Gideon Gibson, the Great Grandfather
Gideon Gibson, a mulatto, was born about 1730 and is the great grandfather of Randall Lee Gibson. While some genealogy records place his birth in England, he more likely was born in Virginia to a British subject of African origin, a carpenter with the same name (b. ca. 1695), who emigrated to North Carolina about 1720, married a white women, Mary Brown, in 1728, and owned slaves to help work his land. [See Gideon1 Gibson].
Little is known of Gideon Gibson's early life [See Gideon2 Gibson]. However, there is a record of his 1749 marriage in Virginia to a white woman, Mary Martha O'Connell, who had emigrated from England. Gibson's family was among those who took advantage of the British government's land grant policy and resettled in the "backcountry" area of South Carolina, which contained immigrants from Wales, Scotland, and Ireland.
In 1761, to encourage "poor Protestants" of "good character" to settle in its South Carolina province, the British government amended its General Duty Act by increasing its grants to not only defray the cost of passage but to enable settlers to purchase tools and provisions for a year. Taxes on Negroes, slaves and other possessions were also repealed. The generous terms of this act led to a mass migration to South Carolina between 1761 and 1768, at which time authority for payment of these bounties expired.
Settlers were offered 100 acres of land for each head of household and 50 acres for every other family member over 12 years of age. In turn, grantees were required to clear and cultivate a new 3% of their land each year. After two years, settlers could relinquish their land to the royal governor in Charleston and be released from all obligation upon payment of a nominal sum ("quit rent"). Lands were often resold to other landowners. Those who failed under the severe conditions were reduced to living off the land as best they could, and some formed thieving bands that preyed upon the more successful settlers.
Families from Pennsylvania and Virginia seeking to escape the French-supported Indian attacks in the north joined the migration of settlers to South Carolina. Their settlements on the hunting grounds of the Cherokee Nation provoked numerous clashes with Indians who depended on those lands. British government troups laid waste to many Cherokee villages as large numbers of settlers established themselves in the South Carolina backcountry.
Gideon Gibson distinguished himself as a farmer, builder, landowner, and community leader. When local government failed to protect settlers against outlaws, he became a militia captain in the "Regulator" movement whose purpose was to protect settlers' property from the criminal activity of gangs, often meting out vigilante justice to those they apprehended. The Regulator movement became a threat to the government and led to the eventual creation of courthouses, prisons, and a system of law enforcement in the South Carolina backcountry.
Gideon Gibson had nine children: six daughters followed by three sons. He eventually moved his entire family to Adams County, Mississippi, where he continued to prosper until his death in 1792. His last child, the Reverend Randall Gibson (1766-1836), was Randall Lee Gibson's grandfather.
Randall Lee Gibson's father, Tobias Gibson, was born in Adams County, Mississippi, about 1800 and later moved to Terrebonne Parish in Louisiana, where he purchased a large sugar plantation. The slave census of 1850 listed Tobias Gibson with 148 slaves in Terrebonne and 9 slaves in Adams. He served in the Louisiana State Legislature and in 1827 married Louisiana Breckenridge Hart, daughter of Colonel Nathaniel Hart of Kentucky, whose family was closely connected to the Clays, Prestons, and other prominent families. He died in 1872.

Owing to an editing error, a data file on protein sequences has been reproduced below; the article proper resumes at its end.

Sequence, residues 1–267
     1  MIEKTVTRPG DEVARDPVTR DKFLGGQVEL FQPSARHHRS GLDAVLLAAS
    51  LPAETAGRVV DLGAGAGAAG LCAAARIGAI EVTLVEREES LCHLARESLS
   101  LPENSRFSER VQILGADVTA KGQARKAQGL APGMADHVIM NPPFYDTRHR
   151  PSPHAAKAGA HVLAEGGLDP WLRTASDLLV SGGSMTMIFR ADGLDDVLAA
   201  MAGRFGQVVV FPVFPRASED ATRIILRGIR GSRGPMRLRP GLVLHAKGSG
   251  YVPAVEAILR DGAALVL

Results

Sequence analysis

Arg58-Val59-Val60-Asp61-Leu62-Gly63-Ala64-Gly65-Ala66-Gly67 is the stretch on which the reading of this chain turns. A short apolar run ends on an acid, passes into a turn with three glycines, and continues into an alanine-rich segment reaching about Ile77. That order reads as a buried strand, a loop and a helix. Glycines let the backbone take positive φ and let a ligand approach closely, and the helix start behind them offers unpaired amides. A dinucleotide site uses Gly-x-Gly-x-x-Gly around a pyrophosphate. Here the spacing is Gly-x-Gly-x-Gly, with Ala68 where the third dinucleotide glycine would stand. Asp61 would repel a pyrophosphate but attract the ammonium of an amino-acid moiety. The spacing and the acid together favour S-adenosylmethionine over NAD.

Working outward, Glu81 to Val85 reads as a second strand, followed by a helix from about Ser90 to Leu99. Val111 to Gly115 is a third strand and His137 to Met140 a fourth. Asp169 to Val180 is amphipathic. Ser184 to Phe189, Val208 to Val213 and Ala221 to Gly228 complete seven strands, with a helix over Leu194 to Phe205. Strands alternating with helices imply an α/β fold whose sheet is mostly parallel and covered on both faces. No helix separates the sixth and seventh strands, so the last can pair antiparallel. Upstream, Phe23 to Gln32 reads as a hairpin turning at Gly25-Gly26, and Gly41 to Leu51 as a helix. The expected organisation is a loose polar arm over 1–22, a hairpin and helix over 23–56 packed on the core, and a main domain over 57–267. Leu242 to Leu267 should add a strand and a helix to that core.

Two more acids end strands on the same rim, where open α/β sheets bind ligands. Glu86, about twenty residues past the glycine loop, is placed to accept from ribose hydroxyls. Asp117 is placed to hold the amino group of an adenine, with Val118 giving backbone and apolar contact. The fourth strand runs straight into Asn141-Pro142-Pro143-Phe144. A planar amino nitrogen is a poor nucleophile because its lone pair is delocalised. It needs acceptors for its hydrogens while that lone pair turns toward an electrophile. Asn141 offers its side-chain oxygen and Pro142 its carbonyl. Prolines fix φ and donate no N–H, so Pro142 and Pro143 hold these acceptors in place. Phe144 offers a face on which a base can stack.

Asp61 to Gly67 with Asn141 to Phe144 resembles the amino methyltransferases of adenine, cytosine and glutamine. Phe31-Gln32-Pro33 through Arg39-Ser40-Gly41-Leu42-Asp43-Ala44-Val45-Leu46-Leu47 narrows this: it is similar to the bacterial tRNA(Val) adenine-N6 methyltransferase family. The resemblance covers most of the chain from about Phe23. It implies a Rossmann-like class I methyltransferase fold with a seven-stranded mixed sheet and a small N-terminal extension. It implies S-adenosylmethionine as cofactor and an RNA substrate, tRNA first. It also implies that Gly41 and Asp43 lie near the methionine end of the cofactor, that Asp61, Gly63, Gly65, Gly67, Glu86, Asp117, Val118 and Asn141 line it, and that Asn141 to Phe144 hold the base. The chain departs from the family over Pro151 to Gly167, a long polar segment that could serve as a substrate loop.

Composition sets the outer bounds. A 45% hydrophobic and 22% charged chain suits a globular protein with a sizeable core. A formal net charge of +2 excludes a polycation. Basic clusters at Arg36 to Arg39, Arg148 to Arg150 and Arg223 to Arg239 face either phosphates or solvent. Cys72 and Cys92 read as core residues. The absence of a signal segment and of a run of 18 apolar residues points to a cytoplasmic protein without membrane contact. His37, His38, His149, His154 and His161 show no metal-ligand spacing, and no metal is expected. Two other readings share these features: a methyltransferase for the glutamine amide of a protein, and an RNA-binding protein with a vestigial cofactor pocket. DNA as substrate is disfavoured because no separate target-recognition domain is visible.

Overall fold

- G. Lloyd Johnson, "Gideon Gibson, the 'Regulator'," (http://cambpell.edu/news/releases/su04/ns_rel.0203.html), accessed 12/02/04.
- "Gibson Family," Ratliff-Smith Genealogy, (http://freepages.genealogy.rootsweb.com/~monticue/ Gibson_Notes.htm), accessed 12/05/04 (remove space from URL)..
- Pedigree Chart, "Gideon Gibson," (http://www.familysearch.org/...), accessed 12/04/04.
- Individual Record, "Mary Martha O'Connell," (http://www.familysearch.org/...), accessed 12/04/04.
- TERREBONNE PARISH [DeBow's Review, 1849], (http://www.rootsweb.com/~laterreb/debow1.htm), accessed 11/22/04.
- United States National Archives, 1850 U.S. Federal Census Slave Schedule [database online] Provo, UT; accessed through Ancestry.com (http://www.ancestry.com) 2/9/05.
- William A. LaBach, "Ancestry of Tobias Gibson (1800-1872)," (http://members.tripod.com/~labach/gibsonan.htm), accessed 12/22/04.
- Phil Norfleet, "Incentives for Migration to South Carolina Before the Revolution," South Carolina Loyalists and Rebels, (http://sc_tories.tripod.com/...), accessed 12/02/04.
- Cyril Ray Parrott, "Land Grants," (http://www.ricehope.com/history/LandGrants.htm), accessed 12/02/04.
- "Florence County History," Florence Convention & Visitors Bureau, Florence, South Carolina, (http://www.florenceco.org/history.htm), accessed 12/02/04.
- "Frontline: April 25th Memo," The Blurred Racial Lines of Famous Families, (http://www.pbs.org/wgbh/pages/frontline/ shows/secret/famous/april25.html), accessed 12/01/04 (remove space from URL).
- "Frontline: Gibson," The Blurred Racial Lines of Famous Families, (http://www.pbs.org/wgbh/pages/frontline/ shows/secret/famous/gibsonfamily.html), accessed 12/02/04 (remove space from URL).
- Mary G. McBride and Ann M. McLaurin, Randall Lee Gibson of Louisiana: Confederate General and New South Reformer, Louisiana State University Press, Baton Rouge, 2007, 320 pp.
- Daniel J. Sharfstein, The Invisible Line: Three American Families and the Secret Journey from Black to White, The Penguin Press, 2011, 396 pp.